But why does one instrument sound any different than another? And how do objects produce sound in the first place?
NIU alum Andrew Morrison has spent his career using physics to study these questions. At the next STEM Café, he will present “Good Vibrations: The Physics of Musical Instruments,” a crash course – complete with musical demonstrations – in how basic scientific laws help us understand the sounds that make up our favorite tunes.
The free talk will take place from 6:30 to 8:30 p.m. Thursday, July 23, at the House Café, 263 E. Lincoln Hwy. in DeKalb.
Morrison, who received his Ph.D. in physics from NIU in 2005, is a professor of physics and astronomy at Joliet Junior College. He also chairs the Technical Committee on Musical Acoustics of the Acoustical Society of America. At NIU, he focused on the physics of musical instruments, especially the vibration and sound radiation of the Caribbean steelpan.
Morrison says that his talk will show people how to understand finely crafted musical instruments scientifically by applying the basic laws of physics to an instrument’s individual components.
“I think people might be surprised to find out how seemingly complex musical instruments can be simple to understand,” Morrison says. “At the same time, some seemingly simple instruments are actually quite complicated.”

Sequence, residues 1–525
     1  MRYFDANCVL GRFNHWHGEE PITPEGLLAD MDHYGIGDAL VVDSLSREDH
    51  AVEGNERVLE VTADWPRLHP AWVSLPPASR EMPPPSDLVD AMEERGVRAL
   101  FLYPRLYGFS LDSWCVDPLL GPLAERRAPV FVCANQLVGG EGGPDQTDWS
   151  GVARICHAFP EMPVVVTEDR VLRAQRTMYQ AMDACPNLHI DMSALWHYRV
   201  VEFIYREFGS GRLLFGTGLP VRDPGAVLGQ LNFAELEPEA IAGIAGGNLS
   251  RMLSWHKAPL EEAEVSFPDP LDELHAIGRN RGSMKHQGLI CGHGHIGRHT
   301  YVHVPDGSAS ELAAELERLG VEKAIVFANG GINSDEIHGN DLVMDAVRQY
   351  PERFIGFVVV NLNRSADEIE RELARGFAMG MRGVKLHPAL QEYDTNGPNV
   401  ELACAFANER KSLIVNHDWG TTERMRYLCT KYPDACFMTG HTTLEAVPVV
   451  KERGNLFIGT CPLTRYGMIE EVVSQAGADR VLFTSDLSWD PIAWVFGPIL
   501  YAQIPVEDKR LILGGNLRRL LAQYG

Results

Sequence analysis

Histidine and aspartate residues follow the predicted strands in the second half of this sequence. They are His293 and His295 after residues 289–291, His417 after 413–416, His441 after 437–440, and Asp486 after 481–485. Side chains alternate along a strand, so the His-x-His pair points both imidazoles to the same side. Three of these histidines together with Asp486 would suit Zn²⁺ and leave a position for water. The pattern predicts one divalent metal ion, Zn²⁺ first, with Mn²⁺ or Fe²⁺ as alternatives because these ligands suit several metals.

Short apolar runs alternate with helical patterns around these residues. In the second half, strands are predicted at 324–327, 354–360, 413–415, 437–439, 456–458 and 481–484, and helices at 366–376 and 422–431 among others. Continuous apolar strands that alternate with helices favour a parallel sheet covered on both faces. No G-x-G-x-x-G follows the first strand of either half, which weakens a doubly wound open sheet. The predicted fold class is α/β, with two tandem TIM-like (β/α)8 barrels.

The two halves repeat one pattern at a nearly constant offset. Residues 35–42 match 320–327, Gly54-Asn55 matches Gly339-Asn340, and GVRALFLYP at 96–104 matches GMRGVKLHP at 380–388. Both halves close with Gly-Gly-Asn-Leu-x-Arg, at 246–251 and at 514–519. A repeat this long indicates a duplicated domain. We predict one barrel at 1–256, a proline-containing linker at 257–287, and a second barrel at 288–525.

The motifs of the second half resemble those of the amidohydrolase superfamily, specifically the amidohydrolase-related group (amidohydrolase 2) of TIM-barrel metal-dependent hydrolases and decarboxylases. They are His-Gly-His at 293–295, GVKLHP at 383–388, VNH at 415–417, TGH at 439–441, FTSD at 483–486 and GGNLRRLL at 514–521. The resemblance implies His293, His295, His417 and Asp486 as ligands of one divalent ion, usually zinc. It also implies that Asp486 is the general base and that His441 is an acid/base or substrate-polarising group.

Eric Schroeder will perform the musical demonstrations during the talk. Schroeder received his bachelor’s and master’s degrees in guitar performance from NIU’s School of Music. He now works with NIU’s Community School of the Arts and is on the music faculty at Rockford College. Shroeder also specializes in Suzuki guitar and is the founder of the NIUkulele Ensemble.
Good Vibrations is part of NIU STEM Outreach’s series of monthly STEM Cafés, which are free and open to the public. Food and drinks will be available for purchase from the House Café.
Organizer Judith Dymond looks forward to hosting this event at a space known for its live band performances
“This is our first time working with the House, but it seemed like the perfect venue for a talk about the science of music,” Dymond says. “We’re hoping that both House Café and STEM Café regulars will learn some new things, listen to some great musical demonstrations, and enjoy a night out.”
In addition to the STEM Café series, NIU STEM Outreach hosts other engaging events throughout the year to increase public awareness of the critical roles the STEM fields – science, technology, engineering and math – play in our everyday lives.
For more information on STEM Cafés and other STEM events, call (815) 753-4751 or email email@example.com.
by Peter C. Baker